Wed | Jun 16, 2021

In UK for first foreign trip, Biden to announce vaccine plan

Published:Thursday | June 10, 2021 | 12:10 AM
President Joe Biden and first lady Jill Biden step off Air Force One at RAF Mildenhall in Suffolk, England yesterday.
President Joe Biden and first lady Jill Biden step off Air Force One at RAF Mildenhall in Suffolk, England yesterday.

MILDENHALL, England (AP):

Embarking on the first overseas trip of his term, President Joe Biden is eager to reassert the United States on the world stage, steadying European allies deeply shaken by his predecessor and pushing democracy as the only bulwark to rising forces of authoritarianism.

Biden has set the stakes for his eight-day trip in sweeping terms, believing the West must publicly demonstrate it can compete economically with China as the world emerges from the coronavirus pandemic.

Shortly before arriving at Royal Air Force Mildenhall, where Biden was to speak to US troops, people briefed on the matter confirmed that the Biden administration had brokered an agreement with Pfizer to purchase 500 million COVID-19 vaccine doses to be donated to 92 lower-income countries and the African Union over the next year.

Two hundred million doses — enough to fully protect 100 million people — will be shared this year according to two people briefed on the matter, with the balance to be donated in the first half of 2022.

National security adviser Jake Sullivan told reporters Wednesday on Air Force One that Biden was committed to sharing vaccines, because it was in the public health and strategic interests of the US. As Biden embarks on his first foreign trip, he is aiming to show “that democracies are the countries that can best deliver solutions for people everywhere”.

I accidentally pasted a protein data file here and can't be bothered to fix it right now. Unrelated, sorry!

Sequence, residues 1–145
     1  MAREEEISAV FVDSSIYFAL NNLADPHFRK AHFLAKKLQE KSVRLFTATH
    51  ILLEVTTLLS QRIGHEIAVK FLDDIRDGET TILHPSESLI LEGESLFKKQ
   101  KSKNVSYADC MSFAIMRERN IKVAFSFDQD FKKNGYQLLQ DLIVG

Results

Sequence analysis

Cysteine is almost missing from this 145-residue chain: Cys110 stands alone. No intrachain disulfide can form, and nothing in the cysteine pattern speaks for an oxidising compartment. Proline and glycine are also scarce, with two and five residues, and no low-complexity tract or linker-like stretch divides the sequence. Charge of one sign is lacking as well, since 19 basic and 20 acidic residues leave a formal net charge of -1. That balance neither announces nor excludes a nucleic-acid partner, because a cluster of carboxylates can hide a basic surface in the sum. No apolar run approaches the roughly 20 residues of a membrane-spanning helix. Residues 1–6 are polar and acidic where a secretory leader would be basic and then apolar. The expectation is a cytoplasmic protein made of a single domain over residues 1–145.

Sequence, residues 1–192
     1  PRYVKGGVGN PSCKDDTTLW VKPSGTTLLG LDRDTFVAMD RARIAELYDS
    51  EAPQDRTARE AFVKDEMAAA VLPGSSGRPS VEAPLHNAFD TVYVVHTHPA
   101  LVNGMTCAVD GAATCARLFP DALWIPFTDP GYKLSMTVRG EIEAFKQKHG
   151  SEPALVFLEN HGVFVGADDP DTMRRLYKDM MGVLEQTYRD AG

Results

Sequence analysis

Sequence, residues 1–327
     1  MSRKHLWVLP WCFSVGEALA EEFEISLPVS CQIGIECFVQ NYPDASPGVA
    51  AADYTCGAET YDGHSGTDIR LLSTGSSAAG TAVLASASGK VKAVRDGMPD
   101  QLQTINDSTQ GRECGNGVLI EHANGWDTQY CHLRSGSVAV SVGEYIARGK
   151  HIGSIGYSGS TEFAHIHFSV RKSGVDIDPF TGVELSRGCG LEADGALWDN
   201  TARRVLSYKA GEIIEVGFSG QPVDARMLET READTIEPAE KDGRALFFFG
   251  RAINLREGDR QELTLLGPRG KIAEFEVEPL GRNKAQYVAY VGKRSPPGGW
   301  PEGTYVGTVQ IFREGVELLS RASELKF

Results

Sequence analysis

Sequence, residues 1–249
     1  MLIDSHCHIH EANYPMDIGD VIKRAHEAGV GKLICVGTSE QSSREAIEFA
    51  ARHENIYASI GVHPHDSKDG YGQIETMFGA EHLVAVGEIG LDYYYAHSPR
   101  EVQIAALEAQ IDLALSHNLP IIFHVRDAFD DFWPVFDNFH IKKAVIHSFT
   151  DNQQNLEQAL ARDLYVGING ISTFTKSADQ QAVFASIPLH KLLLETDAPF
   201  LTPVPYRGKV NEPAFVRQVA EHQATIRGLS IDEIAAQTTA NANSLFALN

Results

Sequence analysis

“As he said in his joint session (address), we were the ‘arsenal of democracy’ in World War II,” Sullivan said. “We’re going to be the ‘arsenal of vaccines’ over this next period to help end the pandemic.”

Before leaving Washington, Biden told reporters the trip is about making clear to the leaders of China and Russia that the United States and Europe “are tight”.

Building toward his trip-ending summit with Russian President Vladimir Putin, Biden will aim to reassure European capitals that the United States can once again be counted on as a dependable partner to thwart Moscow’s aggression both on their eastern front and their Internet battlefields.

The trip will be far more about messaging than specific actions or deals. And the paramount priority for Biden is to convince the world that his Democratic administration is not just a fleeting deviation in the trajectory of an American foreign policy that many allies fear irrevocably drifted toward a more transactional outlook under former President Donald Trump.

“The trip, at its core, will advance the fundamental thrust of Joe Biden’s foreign policy,” said Sullivan, “to rally the world’s democracies to tackle the great challenges of our time”.

Biden’s to-do list is ambitious.

In their face-to-face sit-down in Geneva, Biden wants to privately pressure Putin to end myriad provocations, including cybersecurity attacks on American businesses by Russian-based hackers, the jailing of opposition leader Alexei Navalny and repeated overt and covert efforts by the Kremlin to interfere in US elections.

Biden is also looking to rally allies on their COVID-19 response and to urge them to coalesce around a strategy to check emerging economic and national security competitor China even as the US expresses concern about Europe’s economic links to Moscow. Biden also wants to nudge outlying allies, including Australia, to make more aggressive commitments to the worldwide effort to curb global warming.

The week-plus journey is a big moment for Biden, who travelled the world for decades as vice president and as chair of the Senate Foreign Relations Committee and will now step off Air Force One onto international soil as commander-in-chief. He will face world leaders still grappling with the virus and rattled by four years of Trump’s inward-looking foreign policy and moves that strained longtime alliances as the Republican former president made overtures to strongmen.